THE Toyota Prius is one of the few cars that can lay claim to being part of motoring history in its own lifetime.
Almost 20 years ago it laid the foundations of modern motoring as the first hybrid for the masses.
What started out as a West Coast dream machine in California went on to become an everyday sight on our roads.
Endorsed by Hollywood A-listers and an army of those who wanted to be seen to be green, the Prius gained celebrity status as the car of the future which would help save the planet thanks to its petrol-electric powertrain and low carbon emissions.
Hybrids are now big business and not only do they account for almost a quarter of Toyota's not inconsiderable sales but the technology has been embraced by virtually every big-hitter including Ford, Mercedes and Audi.
Toyota claims that since their introduction in 1997 hybrids have saved motorists some five billion gallons of fuel and with the Prius at the front of the pack it's time to push on.
So here comes Prius number four and with official fuel consumption now rated at 94mpg it is more eco-friendly than ever.
CO2 emissions are down to 70g/km which is nearly half the 120g/km that grabbed the limelight for the Mk1 model.
As such the all new Prius is highly tax effective with an 11 per cent benefit in kind rating for business users, exempt from congestion charges and attracting 100 per cent capital write down allowance.
The new Prius is also rather good to drive with better handling and much more oomph than before.
Gone is that surging sensation under acceleration and the power transmitted through the CVT gearbox now feels at one with the output from the electric motor and the petrol engine.
Total power output is 121bhp with 97 of those horses coming from the 1.8-litre engine which is now one of the most energy efficient blocks around with low friction components and a high thermal rating. Top speed is a claimed 112mph and 0 to 60 acceleration is given as 10.6 seconds.
As with previous generations of the Prius the drive can be switched from normal to sport or eco settings and on the new model the differences in the feel of the car are much more defined.
It can also be driven in a pure electric mode giving zero emission motoring for about half-a-mile in real world conditions - but that's enough to make a mark in traffic, on start up or when parking.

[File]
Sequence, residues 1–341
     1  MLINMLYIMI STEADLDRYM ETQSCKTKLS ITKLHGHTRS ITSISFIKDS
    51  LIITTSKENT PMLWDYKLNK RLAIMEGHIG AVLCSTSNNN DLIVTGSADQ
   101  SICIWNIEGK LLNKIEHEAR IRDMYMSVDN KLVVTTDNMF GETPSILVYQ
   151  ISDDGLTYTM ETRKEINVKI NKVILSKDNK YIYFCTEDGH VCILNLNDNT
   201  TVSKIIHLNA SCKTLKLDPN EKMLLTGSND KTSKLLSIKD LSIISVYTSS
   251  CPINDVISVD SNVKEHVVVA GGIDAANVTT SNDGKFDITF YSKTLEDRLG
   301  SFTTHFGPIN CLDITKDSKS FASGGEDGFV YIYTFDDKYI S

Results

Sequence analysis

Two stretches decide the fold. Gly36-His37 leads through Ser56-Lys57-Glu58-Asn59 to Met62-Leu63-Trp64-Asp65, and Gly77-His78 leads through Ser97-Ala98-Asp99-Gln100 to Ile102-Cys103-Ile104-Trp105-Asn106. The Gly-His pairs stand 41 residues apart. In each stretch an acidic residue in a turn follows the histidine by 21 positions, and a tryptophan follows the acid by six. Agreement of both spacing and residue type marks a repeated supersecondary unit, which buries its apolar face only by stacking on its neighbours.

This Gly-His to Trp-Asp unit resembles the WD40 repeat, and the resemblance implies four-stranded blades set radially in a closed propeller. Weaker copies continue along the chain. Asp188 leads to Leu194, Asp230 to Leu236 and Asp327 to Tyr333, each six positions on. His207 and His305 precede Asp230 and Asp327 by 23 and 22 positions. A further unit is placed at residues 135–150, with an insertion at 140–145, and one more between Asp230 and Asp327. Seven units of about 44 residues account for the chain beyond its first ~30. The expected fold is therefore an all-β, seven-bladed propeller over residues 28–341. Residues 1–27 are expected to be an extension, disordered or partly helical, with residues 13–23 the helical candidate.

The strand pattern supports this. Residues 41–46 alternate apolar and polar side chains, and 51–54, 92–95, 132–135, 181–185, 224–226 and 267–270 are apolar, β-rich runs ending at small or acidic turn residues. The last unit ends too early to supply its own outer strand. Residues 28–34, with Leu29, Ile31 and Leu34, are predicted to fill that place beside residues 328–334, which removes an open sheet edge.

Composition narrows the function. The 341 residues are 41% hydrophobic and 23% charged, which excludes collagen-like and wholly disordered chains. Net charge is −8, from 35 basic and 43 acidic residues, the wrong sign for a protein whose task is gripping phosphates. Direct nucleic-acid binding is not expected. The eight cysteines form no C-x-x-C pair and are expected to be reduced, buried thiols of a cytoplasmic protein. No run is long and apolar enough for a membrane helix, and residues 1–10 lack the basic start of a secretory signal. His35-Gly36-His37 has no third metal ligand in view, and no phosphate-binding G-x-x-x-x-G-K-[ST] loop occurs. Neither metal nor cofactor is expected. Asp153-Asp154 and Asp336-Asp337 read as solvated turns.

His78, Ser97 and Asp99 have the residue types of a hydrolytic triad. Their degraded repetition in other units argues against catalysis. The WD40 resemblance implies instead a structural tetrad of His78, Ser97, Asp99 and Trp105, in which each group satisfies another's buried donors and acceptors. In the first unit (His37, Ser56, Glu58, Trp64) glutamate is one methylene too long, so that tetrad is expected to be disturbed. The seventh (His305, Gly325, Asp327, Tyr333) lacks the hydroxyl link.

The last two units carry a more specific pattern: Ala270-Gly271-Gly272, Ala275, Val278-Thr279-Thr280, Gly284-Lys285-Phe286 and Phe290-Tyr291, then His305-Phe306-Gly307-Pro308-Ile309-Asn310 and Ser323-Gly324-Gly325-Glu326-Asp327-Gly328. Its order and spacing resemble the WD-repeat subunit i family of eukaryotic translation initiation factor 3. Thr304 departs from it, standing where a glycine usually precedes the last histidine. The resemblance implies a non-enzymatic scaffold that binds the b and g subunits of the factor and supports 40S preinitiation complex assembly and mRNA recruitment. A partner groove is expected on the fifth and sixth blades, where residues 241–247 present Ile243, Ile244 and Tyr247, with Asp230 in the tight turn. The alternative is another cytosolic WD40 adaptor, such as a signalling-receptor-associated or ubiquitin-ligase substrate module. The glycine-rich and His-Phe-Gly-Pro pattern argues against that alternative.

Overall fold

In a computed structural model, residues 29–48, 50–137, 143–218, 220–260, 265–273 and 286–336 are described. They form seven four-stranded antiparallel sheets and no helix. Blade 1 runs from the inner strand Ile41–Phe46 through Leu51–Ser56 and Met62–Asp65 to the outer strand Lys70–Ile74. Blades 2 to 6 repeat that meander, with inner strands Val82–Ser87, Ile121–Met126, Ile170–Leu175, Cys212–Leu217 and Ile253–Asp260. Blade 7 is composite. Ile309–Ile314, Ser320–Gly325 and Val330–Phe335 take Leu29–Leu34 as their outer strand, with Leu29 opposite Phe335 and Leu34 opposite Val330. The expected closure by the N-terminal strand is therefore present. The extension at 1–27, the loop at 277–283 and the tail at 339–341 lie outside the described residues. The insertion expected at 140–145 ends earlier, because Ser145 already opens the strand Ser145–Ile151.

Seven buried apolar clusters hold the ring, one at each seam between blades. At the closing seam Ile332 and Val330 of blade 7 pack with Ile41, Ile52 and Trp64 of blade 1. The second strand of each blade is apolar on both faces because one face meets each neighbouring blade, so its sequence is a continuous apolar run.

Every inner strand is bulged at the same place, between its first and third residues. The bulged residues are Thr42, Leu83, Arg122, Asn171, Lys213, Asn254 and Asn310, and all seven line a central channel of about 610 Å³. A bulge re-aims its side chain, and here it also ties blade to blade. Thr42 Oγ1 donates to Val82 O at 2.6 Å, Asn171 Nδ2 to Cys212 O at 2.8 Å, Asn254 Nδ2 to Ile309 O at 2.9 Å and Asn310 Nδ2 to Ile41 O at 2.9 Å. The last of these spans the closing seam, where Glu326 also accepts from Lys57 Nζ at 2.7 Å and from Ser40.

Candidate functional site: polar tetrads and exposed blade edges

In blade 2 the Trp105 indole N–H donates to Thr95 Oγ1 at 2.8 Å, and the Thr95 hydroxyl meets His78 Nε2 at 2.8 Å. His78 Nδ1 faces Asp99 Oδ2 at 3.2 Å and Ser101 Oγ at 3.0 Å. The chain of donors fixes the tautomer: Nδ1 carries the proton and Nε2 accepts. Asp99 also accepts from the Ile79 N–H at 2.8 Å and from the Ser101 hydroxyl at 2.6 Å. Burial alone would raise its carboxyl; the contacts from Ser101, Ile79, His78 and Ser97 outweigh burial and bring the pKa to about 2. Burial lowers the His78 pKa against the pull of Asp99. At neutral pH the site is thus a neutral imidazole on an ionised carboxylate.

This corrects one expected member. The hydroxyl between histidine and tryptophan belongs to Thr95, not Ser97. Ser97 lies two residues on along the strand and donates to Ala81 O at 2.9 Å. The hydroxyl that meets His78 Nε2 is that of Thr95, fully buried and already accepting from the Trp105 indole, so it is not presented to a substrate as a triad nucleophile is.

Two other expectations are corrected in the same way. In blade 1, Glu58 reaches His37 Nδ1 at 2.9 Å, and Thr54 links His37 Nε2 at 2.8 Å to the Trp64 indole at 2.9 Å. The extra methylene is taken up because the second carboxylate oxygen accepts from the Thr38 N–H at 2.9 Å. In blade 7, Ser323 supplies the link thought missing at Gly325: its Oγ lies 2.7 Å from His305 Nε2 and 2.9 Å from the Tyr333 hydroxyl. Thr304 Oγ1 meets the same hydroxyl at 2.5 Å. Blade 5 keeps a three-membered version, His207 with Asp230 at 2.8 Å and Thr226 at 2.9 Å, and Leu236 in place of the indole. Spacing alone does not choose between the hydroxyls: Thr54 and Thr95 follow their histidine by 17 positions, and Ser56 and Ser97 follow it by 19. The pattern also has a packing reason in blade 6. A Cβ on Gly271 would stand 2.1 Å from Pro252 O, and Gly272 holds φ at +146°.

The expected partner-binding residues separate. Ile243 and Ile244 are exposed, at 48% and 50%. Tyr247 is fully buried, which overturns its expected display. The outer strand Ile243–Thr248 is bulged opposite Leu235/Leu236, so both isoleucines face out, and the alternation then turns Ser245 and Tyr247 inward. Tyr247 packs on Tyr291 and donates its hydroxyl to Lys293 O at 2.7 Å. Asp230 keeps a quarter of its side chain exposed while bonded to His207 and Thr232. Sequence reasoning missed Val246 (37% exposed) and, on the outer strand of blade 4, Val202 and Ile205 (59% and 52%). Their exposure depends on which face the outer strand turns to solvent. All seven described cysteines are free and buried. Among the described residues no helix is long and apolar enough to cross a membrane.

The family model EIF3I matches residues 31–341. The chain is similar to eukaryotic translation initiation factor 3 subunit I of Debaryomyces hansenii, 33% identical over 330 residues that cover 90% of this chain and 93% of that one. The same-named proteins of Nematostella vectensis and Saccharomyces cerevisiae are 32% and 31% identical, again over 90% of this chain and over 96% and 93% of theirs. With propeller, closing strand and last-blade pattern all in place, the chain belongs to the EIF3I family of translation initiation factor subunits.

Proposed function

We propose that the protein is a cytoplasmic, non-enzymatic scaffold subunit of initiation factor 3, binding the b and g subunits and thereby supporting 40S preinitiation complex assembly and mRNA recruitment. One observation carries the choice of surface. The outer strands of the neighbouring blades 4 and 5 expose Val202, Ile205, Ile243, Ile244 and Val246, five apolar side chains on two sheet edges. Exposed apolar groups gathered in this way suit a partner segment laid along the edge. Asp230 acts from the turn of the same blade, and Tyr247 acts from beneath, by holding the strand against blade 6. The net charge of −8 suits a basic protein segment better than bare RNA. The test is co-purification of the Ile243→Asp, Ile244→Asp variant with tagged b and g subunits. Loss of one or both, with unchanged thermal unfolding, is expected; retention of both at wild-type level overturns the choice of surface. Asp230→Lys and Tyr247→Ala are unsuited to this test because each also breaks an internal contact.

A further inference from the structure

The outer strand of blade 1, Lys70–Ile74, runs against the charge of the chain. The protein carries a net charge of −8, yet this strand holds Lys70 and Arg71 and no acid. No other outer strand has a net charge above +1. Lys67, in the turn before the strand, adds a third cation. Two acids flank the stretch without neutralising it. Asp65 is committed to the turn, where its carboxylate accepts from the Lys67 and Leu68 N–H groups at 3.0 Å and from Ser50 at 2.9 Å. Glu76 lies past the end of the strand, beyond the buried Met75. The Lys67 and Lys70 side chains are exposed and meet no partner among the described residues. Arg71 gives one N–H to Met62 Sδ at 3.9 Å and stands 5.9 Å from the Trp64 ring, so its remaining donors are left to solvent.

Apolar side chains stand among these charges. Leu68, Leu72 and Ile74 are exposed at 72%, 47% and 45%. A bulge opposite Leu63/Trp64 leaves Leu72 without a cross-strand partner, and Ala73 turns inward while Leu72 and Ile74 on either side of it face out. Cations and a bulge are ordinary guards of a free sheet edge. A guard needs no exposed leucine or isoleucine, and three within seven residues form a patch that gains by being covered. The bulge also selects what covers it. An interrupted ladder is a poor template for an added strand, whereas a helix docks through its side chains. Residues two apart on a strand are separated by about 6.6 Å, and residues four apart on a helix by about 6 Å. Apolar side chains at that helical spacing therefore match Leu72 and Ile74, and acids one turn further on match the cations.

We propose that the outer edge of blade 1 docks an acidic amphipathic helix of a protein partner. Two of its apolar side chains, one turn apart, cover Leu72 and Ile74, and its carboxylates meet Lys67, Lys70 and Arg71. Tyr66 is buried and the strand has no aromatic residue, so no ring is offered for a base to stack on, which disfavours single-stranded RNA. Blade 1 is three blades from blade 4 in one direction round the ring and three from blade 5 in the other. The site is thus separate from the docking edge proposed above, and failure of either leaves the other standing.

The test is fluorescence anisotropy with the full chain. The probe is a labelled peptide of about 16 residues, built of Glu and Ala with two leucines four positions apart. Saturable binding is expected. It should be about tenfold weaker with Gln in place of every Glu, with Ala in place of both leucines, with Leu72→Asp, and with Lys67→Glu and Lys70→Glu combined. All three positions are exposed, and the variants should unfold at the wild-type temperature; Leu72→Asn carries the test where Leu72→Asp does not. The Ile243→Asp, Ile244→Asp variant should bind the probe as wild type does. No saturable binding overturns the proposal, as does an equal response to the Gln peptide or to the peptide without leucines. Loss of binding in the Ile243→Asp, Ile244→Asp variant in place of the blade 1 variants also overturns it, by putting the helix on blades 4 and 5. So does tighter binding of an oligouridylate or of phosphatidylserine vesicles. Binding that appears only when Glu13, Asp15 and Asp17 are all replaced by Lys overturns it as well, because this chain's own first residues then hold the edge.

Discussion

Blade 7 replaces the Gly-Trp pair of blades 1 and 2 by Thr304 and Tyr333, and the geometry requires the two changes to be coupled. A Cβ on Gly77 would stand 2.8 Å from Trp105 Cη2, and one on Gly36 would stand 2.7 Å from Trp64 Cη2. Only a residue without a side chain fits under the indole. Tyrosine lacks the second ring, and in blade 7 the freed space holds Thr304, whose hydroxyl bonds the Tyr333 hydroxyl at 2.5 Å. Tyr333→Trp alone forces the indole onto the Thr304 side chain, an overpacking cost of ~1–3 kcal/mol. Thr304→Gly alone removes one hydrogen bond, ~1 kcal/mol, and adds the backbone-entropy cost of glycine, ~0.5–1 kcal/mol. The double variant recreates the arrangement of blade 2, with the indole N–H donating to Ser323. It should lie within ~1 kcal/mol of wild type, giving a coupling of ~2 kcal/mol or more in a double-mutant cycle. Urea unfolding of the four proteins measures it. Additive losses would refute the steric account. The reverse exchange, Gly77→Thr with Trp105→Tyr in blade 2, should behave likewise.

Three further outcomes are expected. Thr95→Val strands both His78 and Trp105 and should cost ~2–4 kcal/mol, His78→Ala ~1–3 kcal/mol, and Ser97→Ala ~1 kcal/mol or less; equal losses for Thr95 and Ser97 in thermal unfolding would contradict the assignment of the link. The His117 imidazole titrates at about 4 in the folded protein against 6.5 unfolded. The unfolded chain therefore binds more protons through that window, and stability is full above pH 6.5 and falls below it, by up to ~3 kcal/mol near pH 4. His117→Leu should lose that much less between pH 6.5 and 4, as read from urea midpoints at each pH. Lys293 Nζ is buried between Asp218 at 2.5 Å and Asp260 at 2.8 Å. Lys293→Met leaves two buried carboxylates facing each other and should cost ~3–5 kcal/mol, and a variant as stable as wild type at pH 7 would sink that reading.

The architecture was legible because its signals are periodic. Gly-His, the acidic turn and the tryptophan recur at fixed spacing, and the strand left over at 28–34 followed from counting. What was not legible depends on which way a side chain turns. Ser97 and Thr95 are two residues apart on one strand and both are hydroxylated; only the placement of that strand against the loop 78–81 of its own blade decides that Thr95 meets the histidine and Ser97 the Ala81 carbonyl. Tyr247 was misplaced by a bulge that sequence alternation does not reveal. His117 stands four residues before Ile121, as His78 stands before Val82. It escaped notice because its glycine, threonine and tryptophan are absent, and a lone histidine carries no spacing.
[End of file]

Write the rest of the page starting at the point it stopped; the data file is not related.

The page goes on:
Leave the Prius to its own devices and it is a very easy car to drive, feels more solid than before, is noticeably quieter and will return close on 70mpg without any trouble.
We saw an average of 63 to the gallon on a brisk drive through the countryside and around town it was even more economical showing a shade under 71 to the gallon.
Those real world figures make it the most fuel efficient of any of the previous three generations of Prius we have driven over the years.
A new-style battery assembly - guaranteed for five years like the rest of the car - is slimmer, lighter and more powerful allowing for more use of the electric motor and enabling the Prius to travel as an EV up to 68mph.
The new car has retained the American-style foot operated parking brake of earlier models but the rest of the interior has been thoroughly reworked with a full colour head up display fitted as standard on all but the basic model, a seven-inch touchscreen in the centre of the dash and two digital instrument displays sited centrally.
The cockpit-style layout of the last model has made way for a more open plan approach which includes an exposed centre console complete with a wireless charging pad for the latest breed of mobile phones.
The driving position has been improved considerably and the car is much more comfortable, especially over long distances.
Luggage space has also been increased with boot capacity up to 502 litres - more than 10 per cent bigger than on the Mk3 model - if you opt for a tyre repair kit in lieu of a spare wheel. With a spare, luggage space drops to 457 litres and maximum capacity with or without the spare is a generous 1,633 litres.
The Prius can be shod with either 15 or 17-inch rims - the bigger wheel reducing its official fuel return to 85.6mpg and pushing emissions up to 76g/km.
It is slightly longer than before but sits lower and is the first example of Toyota's so-called New Global Architecture which will span several models using more standardised components.
The Prius still looks very futuristic, sleek and aerodynamic with a pronounced rear spoiler that now starts in the side of car before crossing the tailgate bisecting the rear window.
Toyota has gone for avant-garde shapes for the front and rear lamps clusters - both LED - and the design is a standout feature day and night.
Pricing for the new model is almost unchanged with the four trim line-up starting from £23,295 but now topping out at £27,450 with extra specification arriving higher up the range.
Standard equipment includes plenty of high tech stuff such as automatic cruise control and lane departure warning systems as well as an air conditioning system which is clever enough to know which seats are occupied and adjust its operation accordingly, reducing energy use and boosting fuel economy.
More smart kit arrives on the bottom but one Business Edition models which get blind spot monitors and cross traffic sensors as well as the head up display for the driver and the wireless phone charger for an additional £900.
A further £800 brings in sat nav and automatic parking in the guise of Business Edition Plus grade.
Top specification Excel models which are aimed more at the private buyer, come with leather trim and upgraded sound systems plus automatic wipers while option packs are available across the range and include rear seat entertainment equipment such as DVD players.
The top two trim levels come with the 17-inch alloys as standard but for those wanting the extra economy instead of the added style the car can be specified with the smaller wheel - and Toyota will knock Â£400 off the overall price.